“Being filled with the fruits of righteousness, which are by Jesus Christ, unto the glory and praise of God.” Philippians 1:11
I once read a little line that really struck me. It said, “Life is a cup to be filled, not drained.” As I pondered on this little line, I began to see that we make the choices about what we will add to our lives. We can choose to fill our cups with bitterness, envy, strife, jealousy and other fruits of unrighteousness. Or, we can choose to fill our cups with love, joy, peace, patience, thankfulness and other fruits of righteousness.
As I thought more, I began to realize that choosing to fill our cups with unrighteousness leaves the cup drained of all joy and satisfaction. It only creates more unhappiness. However, choosing to fill our cups with righteousness creates more happiness and does not drain the cup, but rather, increases or fills it with even more joys creating glory and praise to God.
That is not to say that our cup will never experience a measure of unrighteousness or be void of trials. However, how we handle these trials results in adding to our lives, or, taking away from our lives. It is all a matter of perspective. I don’t know about you, but I want my cup filled with all the Lord has for me. I do not want my cup drained by my poor choices or bad attitude.
What would you say is filling your life? What is draining it? What choices are you making that are adding true happiness and joy and what choices are bringing misery and strife? The choice is yours.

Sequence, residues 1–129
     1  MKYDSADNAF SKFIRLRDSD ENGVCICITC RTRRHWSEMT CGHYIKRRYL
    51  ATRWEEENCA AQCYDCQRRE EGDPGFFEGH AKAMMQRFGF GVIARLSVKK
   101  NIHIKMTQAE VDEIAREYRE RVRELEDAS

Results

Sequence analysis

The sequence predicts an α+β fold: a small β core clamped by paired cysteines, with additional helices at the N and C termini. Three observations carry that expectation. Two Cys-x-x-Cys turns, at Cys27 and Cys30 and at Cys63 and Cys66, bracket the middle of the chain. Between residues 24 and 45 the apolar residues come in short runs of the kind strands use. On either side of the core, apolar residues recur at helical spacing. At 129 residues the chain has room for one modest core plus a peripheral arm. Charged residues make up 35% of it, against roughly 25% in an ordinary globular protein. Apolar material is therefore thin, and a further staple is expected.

“The backslider in heart shall be filled with his own ways…” Proverbs 14:14
Something was brought to my attention the other day. Luke 9:59 & 61 both have the little phrase “…me first…” Jesus has asked two men to follow him, but their replies indicated that their own agenda was more important than the invitation of the Lord.
When you compare this with the proverb found here in chapter fourteen, you can see that having to have our own way, or preferring our own agenda take precedence over the Lord’s direction, is an indicator of our heart attitude. To be filled, in this verse, means to be satisfied, to have enough, to have the fill of appetites and desires, or, to be satiated (soaked through).
The backslider is completely satisfied that his way is the right way. He is happy to indulge his desires without restraint. He is so “full of himself” that he is soaked through with his own ways and ideas. His “me first” attitude is the predominant factor in his life.